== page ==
Rooselyna Ekawati - [ ]
Susanti Susanti
Jian-Cheng Chen


This paper analyses Indonesian primary students’ Mathematical literacy in solving PISA like problems. The instruments were administered to 254 sixth graders from five different regions in Surabaya, Indonesia with various social background. There were three contents (quantity, Uncertainty and data, space and shape) and three level problems (High, Medium and Easy) used to develop Mathematics Literacy Test (MLT). Three students’ categories (Good, Middle and Low) were established by cluster analysis methodology. The most students’ challenge on MLT was space and shape as well as uncertainty and data’s content problem. The description of profile of primary students’ mathematical literacy related to MLT are worthy to suggest the design of learning lines for primary students to have more opportunity to learn and solve Mathematics literacy problem.


Indonesia; Mathematical Literacy; PISA like; Primary Students


Ben-Chaim, D., Lappan, G., & Houang, R. (1989). Adolescent’s ability to communicate spatial information: analyzing and effecting students’ performance. Educational Studies in Mathematics, 20, 121-146

Gutierrez, A. (1992). Exploring the links between Van Hiele levels and 3-dimensional geometry. Structural Topology, 18, 31-48.

Hayat, B (2010). Literacy of Our Youngsters : Results and Restraints from PISA. International Journal of Education Vol 5, No 1, November 2010 (1-16).

Hofer, T& Beckmann, A (2009). Supporting mathematical literacy : examples from a cross curricular project. ZDM Mathematics Education 41:223-230

Jolliffe, I. T. (2002). Principal component analysis, 2nd edition. New York: Springer-Verlag

Ni’mah, L., Junaedi, I. & Mariani, S. (2017). Mathematical Literacy’s Vocational Students Based on Logical and Numerical Reasoning. Infinity, 6 (2), 95-110. doi:10.22460/infinity.v6i2.p95-110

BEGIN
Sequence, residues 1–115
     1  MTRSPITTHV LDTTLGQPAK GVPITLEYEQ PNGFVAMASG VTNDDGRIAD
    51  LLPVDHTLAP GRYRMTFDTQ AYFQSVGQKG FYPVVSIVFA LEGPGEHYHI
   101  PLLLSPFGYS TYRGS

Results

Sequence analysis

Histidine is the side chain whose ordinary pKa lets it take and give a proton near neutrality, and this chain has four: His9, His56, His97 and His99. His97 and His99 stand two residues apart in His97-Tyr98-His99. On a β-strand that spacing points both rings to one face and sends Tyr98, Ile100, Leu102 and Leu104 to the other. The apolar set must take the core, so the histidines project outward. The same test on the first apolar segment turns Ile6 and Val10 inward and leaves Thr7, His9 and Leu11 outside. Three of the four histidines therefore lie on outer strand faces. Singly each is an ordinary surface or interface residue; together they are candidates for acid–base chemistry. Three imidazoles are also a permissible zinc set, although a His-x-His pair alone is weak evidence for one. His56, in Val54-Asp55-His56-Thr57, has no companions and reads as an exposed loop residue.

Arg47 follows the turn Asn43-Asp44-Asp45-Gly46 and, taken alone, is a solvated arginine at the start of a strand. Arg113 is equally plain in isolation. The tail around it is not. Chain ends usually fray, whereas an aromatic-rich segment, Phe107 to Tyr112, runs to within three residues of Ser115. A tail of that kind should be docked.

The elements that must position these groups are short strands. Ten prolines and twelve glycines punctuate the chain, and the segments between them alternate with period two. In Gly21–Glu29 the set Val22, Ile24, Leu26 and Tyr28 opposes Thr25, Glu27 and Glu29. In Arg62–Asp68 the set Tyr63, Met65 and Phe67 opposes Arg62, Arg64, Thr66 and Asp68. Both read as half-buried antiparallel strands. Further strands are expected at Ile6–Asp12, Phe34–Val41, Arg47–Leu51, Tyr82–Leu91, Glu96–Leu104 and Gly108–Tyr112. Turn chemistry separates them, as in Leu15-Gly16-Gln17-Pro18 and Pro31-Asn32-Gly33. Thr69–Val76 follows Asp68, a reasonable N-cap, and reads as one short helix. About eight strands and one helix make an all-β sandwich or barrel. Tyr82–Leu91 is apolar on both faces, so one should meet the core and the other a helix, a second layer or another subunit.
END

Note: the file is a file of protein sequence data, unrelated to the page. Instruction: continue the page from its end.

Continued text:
Ojose, B (2011). Mathematics literacy: Are We Able To Put The Mathematics We Learn Into Everyday Use?. Journal of Mathematics Education Vol 4 No 1 pp 89-100

OECD. (2010). PISA 2012 Mathematics Framework.

OECD. (2013). PISA 2012 Assessment and Analytical Framework: Mathematics, Reading, Science, Problem Solving and Financial Literacy. Paris: OECD Publishing.

OECD. (2014). PISA 2012 Result in Focus: What 15-year-olds know and what they can do with what they know.

OECD. (2014). PISA 2012 Results: What Students Know and Can Do Student Performance in Mathematics, Reading and Science. Volume I. Paris: OECD Publishing.

Stacey, K. (2011). The PISA View of Mathematical Literacy in Indonesia, Journal on Mathematics Education (IndoMS-JME), 2(2),95-126..

Stacy, K & Turner, R. (2015). Assessing Mathematical Literacy The PISA Experience: The Evolution and Key Concepts of the PISA Mathematics Framework. New York: Springer International Publishing.

Saenz, C. (2009). The role of contextual, conceptual and procedural knowledge in activating mathematical competencies (PISA). Educational Studies of Mathematics 71: 123-143. Springer

Watson, J. M. (2003): Statistical Literacy at the school level: What should students know and do? In Bulletin of the International Statistical Institute 54th Session Proceedings Berlin 2003, (Volume LX, Book 2, Invited Papers, Topic 49, pp. 68-71)

Widjaja, W. (2011). Towards Mathematical Literacy in the 21st Century : Perspectives from Indonesia, Southeast Asian Mathematics Education Journal, 1(1),75--84.

Wijaya, A., van den Heuvel-Panhuizen, M., Doorman, M., Robitzschc, A. (2014). Difficulties in solving context-based PISA mathematics tasks: An analysis of students’ errors, The Mathematics Enthusiast, 11(3),555-584.


Article Metrics

Abstract view : 14 times


  • There are currently no refbacks.

Creative Commons License
This work is licensed under a Creative Commons Attribution-ShareAlike 4.0 International License.